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Debt relief may be needed more for certain age groups

Excessive amounts of debt wreak havoc on the financial well-being of many Connecticut consumers and others who reside elsewhere. Recent reports show that certain age groups have incurred larger amounts of debt than others. Yet, regardless of age and demographic group, the burden of carrying a lot of debt may prompt some to seek debt relief in a variety of ways.

A national financial services organization recently published survey findings that showed older millennials -- those adults ages 24-34 -- have an average of $42,000 of personal debt. This is the highest level of any demographic reported. Those between the ages of 35 and 49 -- known as Generation X -- had the next highest amount at an average of $39,000. The lowest amount of personal debt was among young millennials -- those ages 18-24 -- at $22,000.

More seniors faced with filing Chapter 7 or Chapter 13 bankruptcy

As Connecticut residents or others around the country reach retirement age, many dream of spending time with their families, traveling, taking up a new hobby or embarking on a different career. However, increasing numbers of retirees are experiencing financial turmoil. Reports from the Employee Benefit Research Institute show that the average amount of debt for seniors has risen from just over $32,000 to over $36,750 from 2010 to 2016. This is almost a 15 percent increase in just six years. Many older consumers are now considering filing for Chapter 7 or Chapter 13 bankruptcy for relief.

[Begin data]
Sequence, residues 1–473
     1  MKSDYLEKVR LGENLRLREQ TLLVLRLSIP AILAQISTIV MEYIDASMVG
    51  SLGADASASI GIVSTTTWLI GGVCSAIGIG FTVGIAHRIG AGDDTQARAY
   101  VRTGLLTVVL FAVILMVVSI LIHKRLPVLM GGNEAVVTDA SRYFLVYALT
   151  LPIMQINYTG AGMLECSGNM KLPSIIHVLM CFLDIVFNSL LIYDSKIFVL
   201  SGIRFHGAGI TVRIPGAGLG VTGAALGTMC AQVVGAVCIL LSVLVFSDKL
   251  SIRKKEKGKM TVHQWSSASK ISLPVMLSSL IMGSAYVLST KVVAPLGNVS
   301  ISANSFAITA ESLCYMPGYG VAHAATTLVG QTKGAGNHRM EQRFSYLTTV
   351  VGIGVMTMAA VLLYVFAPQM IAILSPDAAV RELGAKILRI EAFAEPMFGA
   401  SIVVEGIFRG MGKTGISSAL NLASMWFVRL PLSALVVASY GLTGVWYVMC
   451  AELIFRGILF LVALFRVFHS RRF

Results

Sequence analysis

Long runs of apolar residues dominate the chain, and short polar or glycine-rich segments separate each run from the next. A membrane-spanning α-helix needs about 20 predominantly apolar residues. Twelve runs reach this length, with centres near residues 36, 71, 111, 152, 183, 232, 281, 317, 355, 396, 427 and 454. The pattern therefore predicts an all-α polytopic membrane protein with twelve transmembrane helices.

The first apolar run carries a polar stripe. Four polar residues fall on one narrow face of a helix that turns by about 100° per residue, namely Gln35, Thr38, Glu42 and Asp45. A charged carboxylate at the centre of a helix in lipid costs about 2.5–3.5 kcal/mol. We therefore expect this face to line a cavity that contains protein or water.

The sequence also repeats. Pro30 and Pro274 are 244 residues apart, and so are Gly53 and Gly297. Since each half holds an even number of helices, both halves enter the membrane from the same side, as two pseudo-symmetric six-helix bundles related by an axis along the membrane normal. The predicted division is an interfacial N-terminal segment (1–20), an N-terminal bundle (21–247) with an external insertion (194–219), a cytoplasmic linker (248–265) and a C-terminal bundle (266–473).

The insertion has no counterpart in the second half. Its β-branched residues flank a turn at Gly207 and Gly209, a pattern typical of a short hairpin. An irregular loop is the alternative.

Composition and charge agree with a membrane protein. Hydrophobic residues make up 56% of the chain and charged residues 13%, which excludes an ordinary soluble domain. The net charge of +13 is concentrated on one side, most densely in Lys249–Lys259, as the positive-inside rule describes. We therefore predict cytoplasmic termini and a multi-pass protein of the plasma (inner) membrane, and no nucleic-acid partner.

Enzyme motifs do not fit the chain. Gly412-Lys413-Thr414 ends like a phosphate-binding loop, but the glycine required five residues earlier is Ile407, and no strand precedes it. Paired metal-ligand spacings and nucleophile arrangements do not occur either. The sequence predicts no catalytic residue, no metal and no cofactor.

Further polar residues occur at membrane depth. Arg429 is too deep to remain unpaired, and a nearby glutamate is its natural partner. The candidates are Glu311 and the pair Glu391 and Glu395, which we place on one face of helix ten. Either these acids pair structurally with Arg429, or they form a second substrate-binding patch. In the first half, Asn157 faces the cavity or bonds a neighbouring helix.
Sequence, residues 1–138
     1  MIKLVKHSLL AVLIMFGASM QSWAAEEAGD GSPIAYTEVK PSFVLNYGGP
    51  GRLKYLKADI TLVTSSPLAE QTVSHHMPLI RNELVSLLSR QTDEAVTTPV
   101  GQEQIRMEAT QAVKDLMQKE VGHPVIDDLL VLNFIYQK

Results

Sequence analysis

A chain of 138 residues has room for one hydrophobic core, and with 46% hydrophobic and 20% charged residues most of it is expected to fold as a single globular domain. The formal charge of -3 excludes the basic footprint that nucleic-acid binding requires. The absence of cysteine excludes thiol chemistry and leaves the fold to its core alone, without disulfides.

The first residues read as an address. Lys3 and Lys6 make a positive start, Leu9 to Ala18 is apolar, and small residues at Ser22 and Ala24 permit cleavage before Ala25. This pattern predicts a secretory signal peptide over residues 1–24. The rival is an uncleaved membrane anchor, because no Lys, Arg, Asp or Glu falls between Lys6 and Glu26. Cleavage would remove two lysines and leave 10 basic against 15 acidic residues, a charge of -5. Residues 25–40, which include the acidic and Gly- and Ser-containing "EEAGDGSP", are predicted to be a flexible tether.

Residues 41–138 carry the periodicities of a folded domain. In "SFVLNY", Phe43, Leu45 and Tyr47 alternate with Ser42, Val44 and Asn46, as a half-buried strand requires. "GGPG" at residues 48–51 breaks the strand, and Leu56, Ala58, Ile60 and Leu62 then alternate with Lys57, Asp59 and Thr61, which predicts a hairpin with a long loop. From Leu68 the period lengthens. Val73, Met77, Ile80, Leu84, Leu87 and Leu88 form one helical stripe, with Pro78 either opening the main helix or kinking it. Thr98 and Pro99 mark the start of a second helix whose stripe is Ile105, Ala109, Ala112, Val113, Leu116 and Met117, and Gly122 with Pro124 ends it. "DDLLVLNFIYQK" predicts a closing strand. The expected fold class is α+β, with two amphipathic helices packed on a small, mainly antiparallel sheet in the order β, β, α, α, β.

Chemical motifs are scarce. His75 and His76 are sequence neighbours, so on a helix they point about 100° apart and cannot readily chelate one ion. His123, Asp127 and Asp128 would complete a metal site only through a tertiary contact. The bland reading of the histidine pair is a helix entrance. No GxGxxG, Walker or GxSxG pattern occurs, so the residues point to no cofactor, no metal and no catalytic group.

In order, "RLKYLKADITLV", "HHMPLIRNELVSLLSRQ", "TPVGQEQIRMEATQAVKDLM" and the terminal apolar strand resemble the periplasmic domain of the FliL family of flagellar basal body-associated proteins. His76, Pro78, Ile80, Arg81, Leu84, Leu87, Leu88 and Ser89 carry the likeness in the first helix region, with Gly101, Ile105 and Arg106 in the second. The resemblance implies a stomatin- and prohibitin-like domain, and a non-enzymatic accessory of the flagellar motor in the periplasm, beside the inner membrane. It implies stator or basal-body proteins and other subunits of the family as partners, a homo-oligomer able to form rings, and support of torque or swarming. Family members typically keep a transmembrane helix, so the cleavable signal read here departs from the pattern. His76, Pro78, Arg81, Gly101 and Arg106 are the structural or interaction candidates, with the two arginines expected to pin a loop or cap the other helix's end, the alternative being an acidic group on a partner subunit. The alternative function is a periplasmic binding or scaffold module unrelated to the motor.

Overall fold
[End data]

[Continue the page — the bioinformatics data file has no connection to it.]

A factor in the increase in debt for senior adults is the rise in the cost of health care. In addition, the cost of living continues to rise; however, incomes are not increasing at the same rate. Some individuals may want to retire, yet cannot do so because they have significant debt and no savings. Social Security benefits are often not enough to cover routine expenses, health care costs and debt payments.

Credit card deliquencies rising, creating need for debt relief

Many Connecticut residents and others around the nation are overwhelmed with credit card debt. Recent reports show that the level of debt in the country is over $1 trillion. While most consumers are able to make their payments on time, nearly one quarter of the nation's total debt is delinquent. As some individuals seek debt relief because of these delinquencies, experts offer some insight on how this situation has evolved.

A delinquency is defined as a payment that is more than 30 days past due. Over 20 percent of consumers have reported that they have made late payments on a credit card at least one time. A personal finance website recently surveyed consumers about the reasons why others missed payments to their credit card companies as well as their personal reasons. Demographic questions were also asked to evaluate behavior among the various age groups.

New Medical Debt Relief Act proposed by Congress